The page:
Roll the stuffed eggplant up from 1 end to the other and place, seam side down, in a lightly greased baking pan. The rolls should be

placed side by side, somewhat tightly, together. Spoon the tomato sauce over the eggplant rolls and drizzle lightly with olive oil.

Sprinkle lightly with the remaining 2 tablespoons Parmesan. Bake in the preheated oven for 30 minutes. Let rest 5 minutes before

serving.
posted by Splunge at 5:21 PM on April 14, 2010 [1 favorite]


Franciscan Eggplant

1 large eggplant (about 1.5 pounds)
1/2 cup chopped onion (1 medium)
1/2 cup thinly sliced celery
1/4 cup margarine
1 cup diced ham
1 can (8 oz.) tomato sauce
1 cup sliced pitted ripe olives
1/2 teaspoon salt
Dash of pepper
1/4 cup grated Parmesan

Halve eggplant lengthwise; cut out pulp, leaving 1/4-inch-thick shell. Dice pulp. In skillet saute diced pulp, onion and celery in margarine 5 to 10 minutes or until tender. Stir in ham, tomato sauce, olives, salt and pepper. Spoon into eggplant shell. Sprinkle with Parmesan. Bake in 400 degree oven 20 to 25 minutes or until cheese is emted and lightly browned. Makes 4 servings.

Per serving: 370 calories, 14 grams protein, 16 grams carbohydrate, 29 grams fat, 37 mg. cholesterol.

You could switch the ham with bacon!!!
posted by jgirl at 5:46 PM on April 14, 2010


She claimed that her husband went to tea parties and he's not racist, and because of that she requested that people employ nuance when using such hefty terms as 'racist.' She requested that sweeping generalizations not be made.

But that's not what she said.

She said that we had to stop "calling her husband racist."

But nobody had called her husband racist. Nobody had said "St. Alia's husband attended a tea party affair and is therefore racist." Nobody said "Each and every person who supports the tea party stuff is without exception racist."

The accusation against her husband, or her, exists only in her own head.

What she's actually asking people to do is stop calling the tea party movement racist, in spite of the clear and overwhelming evidence that it actually is disproportionately, but not universally, racist.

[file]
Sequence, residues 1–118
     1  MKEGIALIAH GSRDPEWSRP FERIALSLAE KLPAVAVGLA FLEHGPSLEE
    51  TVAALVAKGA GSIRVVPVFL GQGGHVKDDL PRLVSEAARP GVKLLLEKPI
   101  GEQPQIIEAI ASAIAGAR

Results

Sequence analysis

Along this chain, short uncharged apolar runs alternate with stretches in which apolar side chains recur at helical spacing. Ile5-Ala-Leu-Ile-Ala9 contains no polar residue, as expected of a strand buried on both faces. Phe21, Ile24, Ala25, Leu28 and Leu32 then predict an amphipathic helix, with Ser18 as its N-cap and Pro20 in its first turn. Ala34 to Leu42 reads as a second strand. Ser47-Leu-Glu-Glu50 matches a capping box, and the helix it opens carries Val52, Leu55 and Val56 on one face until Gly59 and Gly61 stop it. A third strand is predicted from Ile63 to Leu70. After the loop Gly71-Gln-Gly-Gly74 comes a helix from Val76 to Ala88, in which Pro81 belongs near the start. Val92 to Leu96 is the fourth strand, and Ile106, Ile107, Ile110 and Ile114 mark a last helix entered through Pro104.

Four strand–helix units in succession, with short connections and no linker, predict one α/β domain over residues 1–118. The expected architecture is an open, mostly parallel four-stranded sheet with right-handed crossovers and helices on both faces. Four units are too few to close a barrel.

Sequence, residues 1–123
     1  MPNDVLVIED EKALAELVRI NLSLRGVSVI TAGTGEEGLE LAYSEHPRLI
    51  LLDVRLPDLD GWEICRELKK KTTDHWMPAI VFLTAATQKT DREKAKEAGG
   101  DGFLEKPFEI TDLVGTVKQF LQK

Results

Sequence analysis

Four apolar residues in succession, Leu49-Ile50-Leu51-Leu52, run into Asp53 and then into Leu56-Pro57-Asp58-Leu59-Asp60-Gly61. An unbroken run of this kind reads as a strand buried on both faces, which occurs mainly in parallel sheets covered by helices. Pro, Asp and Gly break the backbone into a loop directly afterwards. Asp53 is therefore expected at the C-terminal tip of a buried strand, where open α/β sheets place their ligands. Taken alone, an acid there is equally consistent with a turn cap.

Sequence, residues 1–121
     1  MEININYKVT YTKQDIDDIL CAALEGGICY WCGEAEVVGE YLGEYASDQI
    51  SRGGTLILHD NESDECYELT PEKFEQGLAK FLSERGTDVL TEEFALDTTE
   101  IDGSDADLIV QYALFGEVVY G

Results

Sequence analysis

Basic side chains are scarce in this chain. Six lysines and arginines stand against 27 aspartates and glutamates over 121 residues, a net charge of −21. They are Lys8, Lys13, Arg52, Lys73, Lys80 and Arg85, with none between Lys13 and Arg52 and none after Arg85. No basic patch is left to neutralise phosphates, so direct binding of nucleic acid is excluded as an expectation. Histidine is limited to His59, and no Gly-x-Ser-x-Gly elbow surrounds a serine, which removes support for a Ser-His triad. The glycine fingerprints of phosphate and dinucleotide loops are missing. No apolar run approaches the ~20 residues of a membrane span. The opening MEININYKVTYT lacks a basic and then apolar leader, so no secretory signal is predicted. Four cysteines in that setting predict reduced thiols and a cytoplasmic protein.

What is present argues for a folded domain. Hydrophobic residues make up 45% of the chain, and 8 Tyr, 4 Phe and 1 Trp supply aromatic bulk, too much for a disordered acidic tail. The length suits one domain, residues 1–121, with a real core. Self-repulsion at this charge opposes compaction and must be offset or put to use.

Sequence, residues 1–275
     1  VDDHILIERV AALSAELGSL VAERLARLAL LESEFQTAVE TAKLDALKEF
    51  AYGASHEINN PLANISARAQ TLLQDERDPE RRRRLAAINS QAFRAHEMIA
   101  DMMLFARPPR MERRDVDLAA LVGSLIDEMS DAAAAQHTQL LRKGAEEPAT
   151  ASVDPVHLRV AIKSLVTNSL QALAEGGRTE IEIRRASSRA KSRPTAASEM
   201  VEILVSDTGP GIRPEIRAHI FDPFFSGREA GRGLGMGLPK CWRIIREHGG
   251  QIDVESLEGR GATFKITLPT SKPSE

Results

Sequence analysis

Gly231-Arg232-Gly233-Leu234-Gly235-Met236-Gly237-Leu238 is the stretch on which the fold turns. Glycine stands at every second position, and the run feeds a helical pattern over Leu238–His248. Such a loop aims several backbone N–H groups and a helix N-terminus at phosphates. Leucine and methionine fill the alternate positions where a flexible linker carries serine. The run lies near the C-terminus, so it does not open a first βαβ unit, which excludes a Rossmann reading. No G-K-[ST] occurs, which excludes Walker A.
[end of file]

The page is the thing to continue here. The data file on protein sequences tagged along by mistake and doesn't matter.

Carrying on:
I think this immediately gets up in people's grills, though I don't think she meant it to do this, because the religious right has an unfortunate and irksome tactic of immediately turning around and shouting "INTOLERANCE!!" and "WAR ON CHRISTIANITY!" at liberals whenever someone speaks ill of them or their behavior. Viz, the little cartoon of the churchy guy smacking the gay man with the stick and screaming BIGOTRY! when he's asked to stop, or the one with the woman with the halo condemning everyone to hell.
posted by ROU_Xenophobe at 5:46 PM on April 14, 2010 [11 favorites]


You know what's the most annoying thing about St. Alia of the Bunnies? Her user name. It's so fucking cool and I wish I had thought of it first.

You could reverse it and be "Fluffy Bunnykins of the Knife."

We joked about giving Swedish Vallhunds names like Olaf Blood-Cuddle or Thorleif the Snuggly-Axe
posted by ROU_Xenophobe at 5:49 PM on April 14, 2010 [2 favorites]


I remain pissed off that we have lost several good members because St. Alia was allowed to say hateful things about homosexuality and gay marriage. I think our community would be much, much better off had she been banned, and they had thus been retained.
posted by five fresh fish at 6:10 PM on April 14, 2010 [2 favorites]


I remain pissed off that we have lost several good members

This is the second time you've mentioned this. I'm sure you have people in mind. I do not think there are any members who were just totally fine here except for the presence of StA/konolia. This is not an actual choice we had available to us: "I will stay if you ban konolia"

We have lost other members who have been disgusted with the pile-ons in MeTa, and members who have gotten too pissed off about any number of things. I am sorry if people feel that this site is in any way not welcoming to people of all sorts of beliefs and backgrounds, but we aim for inclusivity and not "people like us, ok people not like us, not ok." I know some people disagree with this tactic, but that's our tactic and it's unlikely to change. If you can behave decently on the site, even if some people despise you, you get to stay.